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Ich wasche mein Auto

Ich sehe meine Kinder

I get that meine is used for plural accusative form

But why is mein correct for first sentence? Shouldn't it be meinen instead?

I am learning using table in https://www.deutsch-lernen.com/learn-german-online/beginners/lesson_6.php

I am not getting the difference between Possessivpronomen I and Possessivpronomen II

Please help.

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    One should have to register to get access to the hyperlinked table - for me too inconvenient . – Ralf Joerres Apr 8 at 10:27
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Here is a table with the correct forms of mein:

(Note that Auto is not male, not female, but neuter: das Auto)

Konjugationstabelle "mein"

You find similar tables for dein, sein, euer etc. here: http://longua.org/possessivartikel-ubersicht.php

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  • Thank you. If I decide to use 'Dein' or 'unser' instead, I would just plug in those words instead of mein right? – Kevin Eleven Apr 8 at 8:00
  • @KevinEleven yes, that is correct. If I'm not mistaken, the suffix (e.g. nothing, "-e", "-er", "-en", ...) after the word root (e.g. "mein") is the same for all possessive pronouns (mein, dein, sein/ihr, unser, euer, ihr). – PixelMaster Apr 8 at 9:27
  • @PixleMaster: I think it is different with euer. Whenever completed by an ending it must be 'eur', only without termination it is 'euer'. In fact, you can say 'euere', 'eueren' and so on, but in my area (Ruhrgebiet) nobody will talk this way, it will always be 'eure', 'euren' ... – Ralf Joerres Apr 8 at 10:24
  • @RalfJoerres I would say "eure" as well, but "euere" is also correct. See also duden.de/rechtschreibung/euer_Anrede_wessen – PixelMaster Apr 8 at 19:12
  • I never heard of euere and despite it being mentioned in Duden, I think the majority of people will deem it wrong. – infinitezero Apr 9 at 11:21
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The reason why "mein" is correct in your example is the 'gender' of the word "Auto". More specifically, "mein" is for words that have would have the "das" article, while "meine" is female and used for words that would have the "die" article. For words with the male "der" article, "meinen" would be used here.

The same is basically true in the plural form, except words in the plural form usually use the female article "die" (in fact, I can't think of an example where that's not the case).

More examples:

  • Ich wasche mein T-Shirt (das T-Shirt)
  • Ich putze mein Haus (das Haus)
  • Ich wasche mein Trinkglas (das Glas)
  • Ich sehe mein Kind (das Kind)
  • Ich sehe meine Kinder (die Kinder, plural)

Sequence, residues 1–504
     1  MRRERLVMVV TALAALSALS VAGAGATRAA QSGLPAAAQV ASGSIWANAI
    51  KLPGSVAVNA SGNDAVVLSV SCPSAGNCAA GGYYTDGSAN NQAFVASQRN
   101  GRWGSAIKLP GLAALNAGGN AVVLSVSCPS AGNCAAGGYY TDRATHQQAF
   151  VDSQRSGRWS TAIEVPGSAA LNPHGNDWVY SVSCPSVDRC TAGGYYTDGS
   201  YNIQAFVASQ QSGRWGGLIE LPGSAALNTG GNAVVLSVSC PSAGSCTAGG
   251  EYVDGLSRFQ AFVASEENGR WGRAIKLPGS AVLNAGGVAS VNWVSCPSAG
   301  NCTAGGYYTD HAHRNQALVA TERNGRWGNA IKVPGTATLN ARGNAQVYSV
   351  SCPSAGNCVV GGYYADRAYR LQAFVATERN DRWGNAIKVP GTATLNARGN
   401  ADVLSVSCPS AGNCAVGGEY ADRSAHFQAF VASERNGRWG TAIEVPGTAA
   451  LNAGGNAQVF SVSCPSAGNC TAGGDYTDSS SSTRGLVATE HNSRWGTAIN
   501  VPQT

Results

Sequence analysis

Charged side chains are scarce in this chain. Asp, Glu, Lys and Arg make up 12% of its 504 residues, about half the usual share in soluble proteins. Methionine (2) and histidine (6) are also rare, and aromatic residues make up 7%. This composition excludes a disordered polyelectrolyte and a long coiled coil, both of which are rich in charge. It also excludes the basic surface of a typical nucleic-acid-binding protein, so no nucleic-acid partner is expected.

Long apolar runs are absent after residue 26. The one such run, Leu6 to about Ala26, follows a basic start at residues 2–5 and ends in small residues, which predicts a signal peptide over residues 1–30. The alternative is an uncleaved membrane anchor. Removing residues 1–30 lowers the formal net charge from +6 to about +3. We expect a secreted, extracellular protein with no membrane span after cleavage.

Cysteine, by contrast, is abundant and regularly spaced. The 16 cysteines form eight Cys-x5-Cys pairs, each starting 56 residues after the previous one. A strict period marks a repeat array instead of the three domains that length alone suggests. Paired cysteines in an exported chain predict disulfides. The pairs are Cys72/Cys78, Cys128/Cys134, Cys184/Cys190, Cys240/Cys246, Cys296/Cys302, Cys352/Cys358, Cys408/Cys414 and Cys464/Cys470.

• Ich sehe meine Tochter (die Tochter)
  • Ich wasche meine Hose (die Hose)
  • Ich wasche meine Socken (die Socken, plural)
  • Ich wasche meine Mütze (die Mütze)
  • Ich putze meine Wohnung (die Wohnung)
  • Ich putze meinen Herd (der Herd)
  • Ich putze meinen XBox-Controller (der Controller)
  • Ich sehe meinen Sohn (der Sohn)
  • Ich sehe meinen Hund (der Hund)
  • Ich wasche meinen Pfannenwender (der Pfannenwender)
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  • Thank you. But in 'Wir sehen schon unser Haus' 'unser' is used instead of 'mein' I am assuming this is because 'Wir' is used in the sentence, but does that mean I would only use mein, meinem, meines, meinen ... etc only when I use 'ich'? In other words, in the link I posted, would I use table 2 and table 3 only when using ich? – Kevin Eleven Apr 8 at 7:24
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    It doesn't matter, if it is "wir sehen..." or "ich sehe...": If the house is considered belonging to me directly and nobody else, then it is "mein Haus". If it is considered belonging to the whole family (more common), then it is "unser Haus". So all these cases are possible and valid (depending on context): Ich sehe unser Haus, Ich sehe mein Haus, Wir sehen unser Haus, Wir sehen mein Haus – Torsten Link Apr 8 at 8:35
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    @KevinEleven as Torsten explained, "mein" (or "dein", "sein", "ihr", "unser", "euer", "ihr") are used to express possession of something. The english equivalents are "my", "your", "his", "her", "our", "your" and "their". The difference is that in german, there are different articles ("der", "die", "das"), which lead to the possessive pronoun being conjugated. – PixelMaster Apr 8 at 9:21

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